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French Word of the Day: Machin

Have you ever wondered who the mysterious Monsieur or Madame Machin is?

French Word of the Day: Machin

Why do I need to know machin?

Because it’s French for … whatchamacallit, youknow … the whatsit.

Machin is one of those tremendous multi-purpose nouns – along the lines of truc, chose, fourbi, or bidule – that almost means what you need it to mean. Who doesn’t need to know a word like that?

It means gizmo, thingy, whatsit, youknow. And knowing it can spare your language blushes in all manner of situations without having to use truc all the time.

You can also use it when talking about someone whose name you have temporarily forgotten – similar to yer man, or whatsisname.

Use it like this

Donnez-moi ces machins – pass me those thingies

J’ai vu Monsieur Machin à la Poste, le mec qui travaille au bar – I saw whatsisname at the post office, the one who works at the bar

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French Expression of the Day: Chercher midi à quatorze heures

This expression doesn't actually have much to do with lunchtime.

French Expression of the Day: Chercher midi à quatorze heures

Why do I need to know chercher midi à quatorze heures?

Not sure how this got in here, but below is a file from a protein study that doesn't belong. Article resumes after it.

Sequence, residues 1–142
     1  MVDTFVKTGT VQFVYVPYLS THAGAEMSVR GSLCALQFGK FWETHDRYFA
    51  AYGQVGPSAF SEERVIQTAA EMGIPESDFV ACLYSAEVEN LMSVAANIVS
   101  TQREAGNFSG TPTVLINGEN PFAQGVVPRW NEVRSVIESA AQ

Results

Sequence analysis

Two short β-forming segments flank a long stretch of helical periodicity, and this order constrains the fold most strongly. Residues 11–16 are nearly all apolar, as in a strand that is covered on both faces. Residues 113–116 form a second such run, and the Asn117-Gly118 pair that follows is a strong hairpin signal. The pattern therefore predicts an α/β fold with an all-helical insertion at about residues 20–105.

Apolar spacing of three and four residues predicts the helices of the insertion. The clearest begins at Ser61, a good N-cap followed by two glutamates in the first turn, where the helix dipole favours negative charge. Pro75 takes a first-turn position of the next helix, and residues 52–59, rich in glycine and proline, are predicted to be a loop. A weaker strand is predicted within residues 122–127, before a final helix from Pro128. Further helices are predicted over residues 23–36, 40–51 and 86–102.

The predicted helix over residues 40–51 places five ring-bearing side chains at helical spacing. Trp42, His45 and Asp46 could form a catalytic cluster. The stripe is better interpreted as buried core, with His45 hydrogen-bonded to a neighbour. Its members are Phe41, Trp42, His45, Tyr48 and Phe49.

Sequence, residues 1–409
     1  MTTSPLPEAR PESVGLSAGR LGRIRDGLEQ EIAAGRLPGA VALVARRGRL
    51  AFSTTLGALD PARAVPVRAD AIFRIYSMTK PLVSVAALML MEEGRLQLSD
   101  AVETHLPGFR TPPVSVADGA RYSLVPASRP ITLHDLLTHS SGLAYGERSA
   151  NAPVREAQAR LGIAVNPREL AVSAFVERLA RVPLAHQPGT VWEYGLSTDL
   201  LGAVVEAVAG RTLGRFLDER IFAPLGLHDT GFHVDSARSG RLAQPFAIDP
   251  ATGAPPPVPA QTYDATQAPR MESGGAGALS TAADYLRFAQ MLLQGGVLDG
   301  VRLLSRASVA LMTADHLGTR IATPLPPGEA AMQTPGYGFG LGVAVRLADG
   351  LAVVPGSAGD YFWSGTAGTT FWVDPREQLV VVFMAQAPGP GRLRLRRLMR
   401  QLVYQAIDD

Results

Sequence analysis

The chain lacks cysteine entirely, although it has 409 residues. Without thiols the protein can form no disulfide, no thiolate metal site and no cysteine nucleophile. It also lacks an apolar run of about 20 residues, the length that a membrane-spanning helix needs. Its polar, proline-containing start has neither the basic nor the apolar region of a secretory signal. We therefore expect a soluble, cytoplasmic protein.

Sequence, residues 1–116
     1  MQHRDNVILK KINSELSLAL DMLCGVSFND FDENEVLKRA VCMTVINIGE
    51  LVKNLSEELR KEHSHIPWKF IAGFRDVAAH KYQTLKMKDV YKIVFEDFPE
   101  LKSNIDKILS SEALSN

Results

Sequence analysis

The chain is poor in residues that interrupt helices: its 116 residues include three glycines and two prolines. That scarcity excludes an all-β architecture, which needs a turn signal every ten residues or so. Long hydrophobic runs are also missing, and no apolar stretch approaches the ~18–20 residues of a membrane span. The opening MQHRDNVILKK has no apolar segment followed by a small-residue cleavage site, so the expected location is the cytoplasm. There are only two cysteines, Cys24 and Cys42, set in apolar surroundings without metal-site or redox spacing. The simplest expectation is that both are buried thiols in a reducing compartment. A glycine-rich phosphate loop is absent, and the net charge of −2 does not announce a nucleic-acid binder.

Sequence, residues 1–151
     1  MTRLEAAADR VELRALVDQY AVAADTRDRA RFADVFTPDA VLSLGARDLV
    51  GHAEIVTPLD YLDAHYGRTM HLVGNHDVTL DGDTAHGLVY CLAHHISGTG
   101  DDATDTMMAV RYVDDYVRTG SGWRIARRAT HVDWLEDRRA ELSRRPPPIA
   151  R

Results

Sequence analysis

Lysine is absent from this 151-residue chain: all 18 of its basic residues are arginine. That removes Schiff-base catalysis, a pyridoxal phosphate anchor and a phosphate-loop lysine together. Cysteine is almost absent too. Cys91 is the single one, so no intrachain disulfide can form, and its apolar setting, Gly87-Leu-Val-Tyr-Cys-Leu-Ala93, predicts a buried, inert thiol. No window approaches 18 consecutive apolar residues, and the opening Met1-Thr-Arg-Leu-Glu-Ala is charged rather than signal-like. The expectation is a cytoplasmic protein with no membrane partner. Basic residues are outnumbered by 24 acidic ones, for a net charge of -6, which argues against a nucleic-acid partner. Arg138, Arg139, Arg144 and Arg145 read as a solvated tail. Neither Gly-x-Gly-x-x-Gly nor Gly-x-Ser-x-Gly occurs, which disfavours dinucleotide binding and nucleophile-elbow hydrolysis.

Because when someone makes what should take fifteen minutes into an hour-long effort, you might want an appropriate phase.

What does it mean?

Chercher midi à quatorze heures – usually pronounced share-shay-mid-ee-ah-cat-orz-ur – literally means “to look for noon at 2 pm.” When taken literally, the expression does not make much sense. However, in practice, it means “to make a simple thing overly complicated.” It is basically the French equivalent of “don’t make a mountain out of a molehill.”

The expression is quite old, but it is still in use…though it might be more common to find it spoken in the countryside rather than on Twitter.

It was first used as early as the 16th century – the version then was “to look for noon at eleven.” As time went on, it changed to reflect its current form in the 17th century. 

As noon is an important marker for the middle of the day, particularly as l’heure de déjeuner (lunch time), the expression makes fun of making something overly difficult. 

You’ll most likely hear this in the negative command form – as it is something you should probably avoid doing.

Use it like this

Pourquoi avoir pris la route la plus longue pour aller au supermarché ? Ne cherchez pas midi à quatorze heures. – Why take the longest route to get to the supermarket? Don’t overcomplicate things.

Tu n’as pas besoin d’essayer toutes les lettres de l’alphabet pour trouver le Wordle. C’est mieux de penser à des mots simples. Ne cherche pas midi à quatorze heures. – You don’t need to try every letter in the alphabet to get the Wordle. Just think of simple words. Don’t over complicate it.